Jacques Karpman Identified
December 13, 2011
Jacques Karpman–Boutet was born in Paris in 1932 to Max and Marie Karpman. His sister, Suzanne Cohen, also a child survivor, had seen Jacques’s photo before and has a copy of it in her files. She doesn’t remember when it was taken but believes that it was while they were in an orphanage operated by members of the Union Générale des Israélites de France (UGIF) in Paris.
During the summer of 1942, Max Karpman, who was originally from Poland, was told to report to his local police precinct. He went to the precinct on the appointed day. He never returned. He was later deported to Auschwitz aboard Convoy 2 on June 5, 1942. He is believed to have been murdered there. Marie, Jacques, and Suzanne remained in Paris.
Out of concern for her children’s lives, Marie Karpman left Paris on what was supposed to be a short trip to visit some friends in the countryside to see if they would be able to hide her children. On the train back to Paris she was arrested. Suzanne and Jacques were taken in by kind neighbors. Marie was first incarcerated in Chateaubriand in Brittany. While there she met a French Red Cross worker named Annette Monod. When Chateaubriand was closed Marie was moved to Aincourt in Seine-et-Oise. Annette went to the Karpmans’ neighbors, gathered Suzanne and Jacques, and took them to Aincourt to be with their mother. When Aincourt was closed in 1942, the prisoners were to be transferred to other locations. Suzanne recalls that a French commissar contacted Annette and asked her to do something about four of the children in Aincourt: Jacques, Suzanne, Jacques Schildkraut, and another young girl whose name Suzanne cannot remember, but who was retrieved from the camp by a family member. Suzanne remembers getting on the same truck with Marie and Jacques and driving to Paris, where she and her brother said goodbye to their mother for the last time in the Red Cross headquarters. Marie was taken to Drancy and was later deported to Auschwitz aboard Convoy 32, which left Drancy on September 14, 1942. Like Max, Marie was never heard from again.
Suzanne credits this French commissar and Annette Monod with saving her and her brother’s lives. After parting from their mother, Jacques and Suzanne went to the orphanage operated by UGIF. Jacques was assigned to live on the boys’ floor while Suzanne lived above him on the girls’ floor. One day an orphanage manager came to tell Suzanne that a home in the countryside had been found for Jacques and that he would be leaving the orphanage. Jacques was nine years old at the time. Suzanne remembers this news as “being very hard to hear,” because she was being separated from yet another member of her family. Sometime after Jacques was taken to the countryside, German officers raided the orphanage. Suzanne hid throughout the night while other children were being taken away. At daylight, when she thought it was safe to leave her hiding spot, she approached some of the orphanage administrators who were still in the building. They suggested that she join her brother in hiding in the countryside. Suzanne believes that one of the administrators gave her enough money for the train ticket.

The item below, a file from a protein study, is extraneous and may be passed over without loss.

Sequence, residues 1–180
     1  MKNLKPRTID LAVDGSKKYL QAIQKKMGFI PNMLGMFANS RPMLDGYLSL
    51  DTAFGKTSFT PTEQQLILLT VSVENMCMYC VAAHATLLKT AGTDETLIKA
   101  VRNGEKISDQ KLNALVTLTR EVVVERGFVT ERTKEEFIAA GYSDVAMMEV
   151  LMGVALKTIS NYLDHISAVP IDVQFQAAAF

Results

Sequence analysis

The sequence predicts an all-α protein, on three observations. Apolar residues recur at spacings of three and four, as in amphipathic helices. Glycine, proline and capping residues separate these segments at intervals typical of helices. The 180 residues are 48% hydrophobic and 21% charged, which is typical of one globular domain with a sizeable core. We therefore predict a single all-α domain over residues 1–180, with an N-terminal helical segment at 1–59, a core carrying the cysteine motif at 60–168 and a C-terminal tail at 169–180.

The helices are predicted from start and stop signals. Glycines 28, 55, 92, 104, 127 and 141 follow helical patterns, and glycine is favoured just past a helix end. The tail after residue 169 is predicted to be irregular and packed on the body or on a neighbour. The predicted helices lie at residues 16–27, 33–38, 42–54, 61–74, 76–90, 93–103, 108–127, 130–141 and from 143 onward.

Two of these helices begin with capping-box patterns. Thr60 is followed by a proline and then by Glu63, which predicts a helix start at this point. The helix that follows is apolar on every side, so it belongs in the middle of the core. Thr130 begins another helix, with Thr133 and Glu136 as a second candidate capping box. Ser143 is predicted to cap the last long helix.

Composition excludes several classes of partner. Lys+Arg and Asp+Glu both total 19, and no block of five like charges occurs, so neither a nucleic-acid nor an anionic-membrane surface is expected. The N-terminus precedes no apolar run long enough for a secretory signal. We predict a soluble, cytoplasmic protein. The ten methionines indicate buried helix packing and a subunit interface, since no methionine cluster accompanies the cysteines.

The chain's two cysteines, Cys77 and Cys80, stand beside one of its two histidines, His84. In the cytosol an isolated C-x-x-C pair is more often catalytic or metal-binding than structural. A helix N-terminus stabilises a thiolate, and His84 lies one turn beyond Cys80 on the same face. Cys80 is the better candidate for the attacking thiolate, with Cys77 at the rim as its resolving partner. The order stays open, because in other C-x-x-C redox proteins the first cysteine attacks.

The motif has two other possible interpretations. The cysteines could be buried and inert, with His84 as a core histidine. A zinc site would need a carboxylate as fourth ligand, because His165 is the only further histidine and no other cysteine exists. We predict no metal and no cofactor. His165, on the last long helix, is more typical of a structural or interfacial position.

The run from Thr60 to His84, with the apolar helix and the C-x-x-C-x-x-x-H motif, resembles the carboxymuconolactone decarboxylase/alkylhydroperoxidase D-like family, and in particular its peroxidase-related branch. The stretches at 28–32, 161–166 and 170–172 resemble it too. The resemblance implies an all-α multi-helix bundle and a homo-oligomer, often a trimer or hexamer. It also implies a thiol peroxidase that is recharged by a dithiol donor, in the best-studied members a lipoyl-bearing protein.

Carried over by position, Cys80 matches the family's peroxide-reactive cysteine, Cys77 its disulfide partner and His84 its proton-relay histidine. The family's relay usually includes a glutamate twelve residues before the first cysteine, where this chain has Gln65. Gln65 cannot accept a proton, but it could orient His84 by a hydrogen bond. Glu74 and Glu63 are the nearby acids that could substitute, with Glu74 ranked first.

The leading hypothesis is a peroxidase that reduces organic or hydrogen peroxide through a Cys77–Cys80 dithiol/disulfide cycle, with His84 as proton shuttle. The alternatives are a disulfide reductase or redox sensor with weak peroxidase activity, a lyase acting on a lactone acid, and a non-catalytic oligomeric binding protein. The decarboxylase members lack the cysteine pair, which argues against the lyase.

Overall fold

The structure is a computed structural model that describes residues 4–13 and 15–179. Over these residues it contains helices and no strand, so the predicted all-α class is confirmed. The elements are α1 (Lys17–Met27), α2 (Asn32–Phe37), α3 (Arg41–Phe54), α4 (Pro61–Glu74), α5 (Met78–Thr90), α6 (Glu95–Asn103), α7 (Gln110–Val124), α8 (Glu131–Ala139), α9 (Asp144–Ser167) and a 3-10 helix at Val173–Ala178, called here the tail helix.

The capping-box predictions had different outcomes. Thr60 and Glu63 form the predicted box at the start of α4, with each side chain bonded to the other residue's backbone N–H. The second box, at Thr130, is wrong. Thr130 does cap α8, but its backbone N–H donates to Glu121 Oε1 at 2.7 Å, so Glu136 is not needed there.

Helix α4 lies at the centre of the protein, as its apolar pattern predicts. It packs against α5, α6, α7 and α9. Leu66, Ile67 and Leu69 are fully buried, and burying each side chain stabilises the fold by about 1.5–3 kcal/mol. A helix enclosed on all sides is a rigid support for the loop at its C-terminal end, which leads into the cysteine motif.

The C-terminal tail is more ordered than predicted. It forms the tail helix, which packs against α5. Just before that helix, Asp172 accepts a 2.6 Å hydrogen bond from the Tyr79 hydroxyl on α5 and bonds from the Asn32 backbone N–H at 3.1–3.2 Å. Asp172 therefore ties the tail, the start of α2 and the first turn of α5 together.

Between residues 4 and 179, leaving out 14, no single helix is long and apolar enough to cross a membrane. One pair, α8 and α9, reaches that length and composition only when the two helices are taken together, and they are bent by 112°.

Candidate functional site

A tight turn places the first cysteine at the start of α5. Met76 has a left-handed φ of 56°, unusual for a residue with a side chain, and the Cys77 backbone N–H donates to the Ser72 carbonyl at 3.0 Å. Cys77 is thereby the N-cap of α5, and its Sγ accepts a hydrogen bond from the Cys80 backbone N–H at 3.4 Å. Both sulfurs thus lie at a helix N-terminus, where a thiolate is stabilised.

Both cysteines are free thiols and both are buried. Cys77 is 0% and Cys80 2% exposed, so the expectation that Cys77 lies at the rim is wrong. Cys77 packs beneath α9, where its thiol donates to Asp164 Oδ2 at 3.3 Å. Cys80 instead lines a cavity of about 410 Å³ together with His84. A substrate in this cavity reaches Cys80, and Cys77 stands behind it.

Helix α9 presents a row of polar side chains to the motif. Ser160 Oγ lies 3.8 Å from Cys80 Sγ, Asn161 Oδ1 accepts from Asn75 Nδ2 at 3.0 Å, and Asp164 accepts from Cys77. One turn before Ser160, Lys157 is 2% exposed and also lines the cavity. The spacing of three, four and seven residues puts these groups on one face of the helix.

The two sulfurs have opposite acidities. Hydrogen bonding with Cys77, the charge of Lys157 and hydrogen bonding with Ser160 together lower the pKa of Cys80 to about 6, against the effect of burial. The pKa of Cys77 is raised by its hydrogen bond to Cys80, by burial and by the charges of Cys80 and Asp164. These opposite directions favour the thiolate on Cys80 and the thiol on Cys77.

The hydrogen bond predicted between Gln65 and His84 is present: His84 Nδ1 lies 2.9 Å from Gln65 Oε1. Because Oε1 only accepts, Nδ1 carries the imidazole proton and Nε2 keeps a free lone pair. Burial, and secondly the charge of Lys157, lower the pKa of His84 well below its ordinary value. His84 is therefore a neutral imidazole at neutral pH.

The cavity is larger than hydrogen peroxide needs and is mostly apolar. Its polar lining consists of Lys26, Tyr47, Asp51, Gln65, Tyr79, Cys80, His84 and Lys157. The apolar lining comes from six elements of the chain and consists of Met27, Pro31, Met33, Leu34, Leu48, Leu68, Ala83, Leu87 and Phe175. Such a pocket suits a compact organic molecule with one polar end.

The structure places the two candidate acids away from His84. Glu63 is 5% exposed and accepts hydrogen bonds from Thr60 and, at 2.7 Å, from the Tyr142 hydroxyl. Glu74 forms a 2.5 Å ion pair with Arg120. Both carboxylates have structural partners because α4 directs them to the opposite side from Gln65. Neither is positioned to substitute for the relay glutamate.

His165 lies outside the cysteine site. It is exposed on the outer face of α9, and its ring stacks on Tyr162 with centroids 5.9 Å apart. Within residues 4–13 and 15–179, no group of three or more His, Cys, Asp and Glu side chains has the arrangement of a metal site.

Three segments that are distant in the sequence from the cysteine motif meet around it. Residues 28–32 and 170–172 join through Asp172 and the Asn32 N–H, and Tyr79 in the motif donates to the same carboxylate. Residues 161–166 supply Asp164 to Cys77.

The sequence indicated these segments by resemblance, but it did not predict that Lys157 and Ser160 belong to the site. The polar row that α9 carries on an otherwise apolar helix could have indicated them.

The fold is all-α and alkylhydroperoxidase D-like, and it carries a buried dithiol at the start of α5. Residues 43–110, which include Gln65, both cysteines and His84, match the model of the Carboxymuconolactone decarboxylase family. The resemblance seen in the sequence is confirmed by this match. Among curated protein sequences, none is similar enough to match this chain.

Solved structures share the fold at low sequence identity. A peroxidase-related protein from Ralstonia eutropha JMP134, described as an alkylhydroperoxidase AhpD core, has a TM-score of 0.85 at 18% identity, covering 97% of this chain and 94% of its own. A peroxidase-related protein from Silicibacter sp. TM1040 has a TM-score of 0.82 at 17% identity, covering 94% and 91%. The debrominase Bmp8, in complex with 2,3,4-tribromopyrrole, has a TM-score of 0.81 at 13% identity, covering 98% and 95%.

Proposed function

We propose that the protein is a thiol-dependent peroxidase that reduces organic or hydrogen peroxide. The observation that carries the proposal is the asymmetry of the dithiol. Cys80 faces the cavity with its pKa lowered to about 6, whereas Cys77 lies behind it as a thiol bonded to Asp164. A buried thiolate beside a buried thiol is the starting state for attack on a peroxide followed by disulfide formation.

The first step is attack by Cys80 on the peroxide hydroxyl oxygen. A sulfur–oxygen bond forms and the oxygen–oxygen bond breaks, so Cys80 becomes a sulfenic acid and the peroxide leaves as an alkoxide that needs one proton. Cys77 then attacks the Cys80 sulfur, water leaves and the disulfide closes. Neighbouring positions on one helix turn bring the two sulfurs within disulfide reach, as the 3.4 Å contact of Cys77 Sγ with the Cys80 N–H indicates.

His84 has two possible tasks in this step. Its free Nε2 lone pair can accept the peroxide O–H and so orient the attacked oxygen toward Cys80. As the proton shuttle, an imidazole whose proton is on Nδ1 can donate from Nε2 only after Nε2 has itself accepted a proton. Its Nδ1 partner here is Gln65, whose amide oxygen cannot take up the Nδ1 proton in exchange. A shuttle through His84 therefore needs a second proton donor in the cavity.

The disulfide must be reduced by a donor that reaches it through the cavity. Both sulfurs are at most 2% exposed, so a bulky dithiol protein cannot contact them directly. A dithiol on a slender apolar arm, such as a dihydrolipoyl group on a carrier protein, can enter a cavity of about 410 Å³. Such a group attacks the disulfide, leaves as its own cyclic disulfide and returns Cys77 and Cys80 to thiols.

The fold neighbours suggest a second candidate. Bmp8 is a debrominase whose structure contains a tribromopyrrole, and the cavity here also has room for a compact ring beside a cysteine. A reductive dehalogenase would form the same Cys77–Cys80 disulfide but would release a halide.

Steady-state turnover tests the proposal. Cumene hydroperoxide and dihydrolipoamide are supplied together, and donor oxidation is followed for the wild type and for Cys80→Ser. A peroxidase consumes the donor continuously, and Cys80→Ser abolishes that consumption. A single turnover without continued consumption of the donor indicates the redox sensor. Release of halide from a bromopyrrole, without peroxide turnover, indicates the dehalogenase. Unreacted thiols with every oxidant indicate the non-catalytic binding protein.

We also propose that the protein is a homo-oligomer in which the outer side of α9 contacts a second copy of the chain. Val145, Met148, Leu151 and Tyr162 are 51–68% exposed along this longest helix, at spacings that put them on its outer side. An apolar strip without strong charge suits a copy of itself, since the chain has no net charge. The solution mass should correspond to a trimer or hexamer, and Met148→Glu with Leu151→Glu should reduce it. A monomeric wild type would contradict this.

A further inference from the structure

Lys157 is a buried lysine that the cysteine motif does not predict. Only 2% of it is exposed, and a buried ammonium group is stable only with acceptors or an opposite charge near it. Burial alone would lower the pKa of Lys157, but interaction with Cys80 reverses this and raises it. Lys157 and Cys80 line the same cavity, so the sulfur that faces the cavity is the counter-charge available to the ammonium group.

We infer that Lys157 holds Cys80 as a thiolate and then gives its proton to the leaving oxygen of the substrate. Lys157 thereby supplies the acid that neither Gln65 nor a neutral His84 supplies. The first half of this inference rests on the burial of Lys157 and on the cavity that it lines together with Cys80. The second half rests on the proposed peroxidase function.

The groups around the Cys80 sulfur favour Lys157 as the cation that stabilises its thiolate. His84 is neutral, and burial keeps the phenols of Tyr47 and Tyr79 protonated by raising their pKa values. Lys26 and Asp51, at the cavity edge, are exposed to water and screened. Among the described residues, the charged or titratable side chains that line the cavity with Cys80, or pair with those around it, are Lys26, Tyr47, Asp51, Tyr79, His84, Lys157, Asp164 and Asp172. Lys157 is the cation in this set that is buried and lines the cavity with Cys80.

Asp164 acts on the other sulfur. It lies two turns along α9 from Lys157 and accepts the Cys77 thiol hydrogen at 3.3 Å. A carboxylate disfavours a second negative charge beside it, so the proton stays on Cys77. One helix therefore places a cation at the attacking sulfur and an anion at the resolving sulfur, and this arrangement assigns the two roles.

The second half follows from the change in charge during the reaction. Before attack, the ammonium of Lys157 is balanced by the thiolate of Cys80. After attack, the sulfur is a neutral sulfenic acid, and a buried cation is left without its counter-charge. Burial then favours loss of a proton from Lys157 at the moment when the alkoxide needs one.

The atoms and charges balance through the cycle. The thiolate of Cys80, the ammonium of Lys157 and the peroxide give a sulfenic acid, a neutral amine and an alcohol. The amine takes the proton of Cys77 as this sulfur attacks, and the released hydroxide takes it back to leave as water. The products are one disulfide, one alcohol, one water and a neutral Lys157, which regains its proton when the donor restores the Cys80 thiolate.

She traveled to Sermaise where the Satori family was hiding her brother. Suzanne remembers that conditions there were harsh. When she was reunited with Jacques, he was “malnourished and with hardly any shoes left on his feet.” He had been put to work watching pigs. Suzanne settled into life with the Satoris and Jacques as best as she could, but then Mrs. Satori asked her to leave the family and return immediately to Paris, where Suzanne had nowhere to go and no one to whom she could turn for help. Suzanne went back to the orphanage in Paris. There, the main physician, DuBois Wechsler, who was also Jewish, asked her where she was going to sleep that night. When she replied that she didn’t know, he took her to his home where he lived with his wife and three children. They decided that Suzanne would stay with them in Paris. She ended up remaining with them for ten years. A non-Jewish widow who was a friend of this family, Lucienne Boutet, came to visit one afternoon and asked if there was anything she could do to help a Jewish child in need. She herself had been adopted by the French Jewish poet Gustave Kahn. It was suggested that Jacques come back to Paris from Dourdan, where he had been moved after Sermaise. Lucienne later officially adopted Jacques.
Jacques Karpman-Boutet went on to become a physician. He met his wife, Sylvia Coenca, also a French native, while they were interning in the same hospital in Hackensack, New Jersey. They married in New Jersey and then returned to France where they both became doctors and adopted a child.
Jacques Karpman-Boutet passed away on July 2, 2011. Suzanne remembers that her brother was extremely proud of the memory of his adopted family and especially of the work and life of his adopted Jewish grandfather, Gustave Kahn.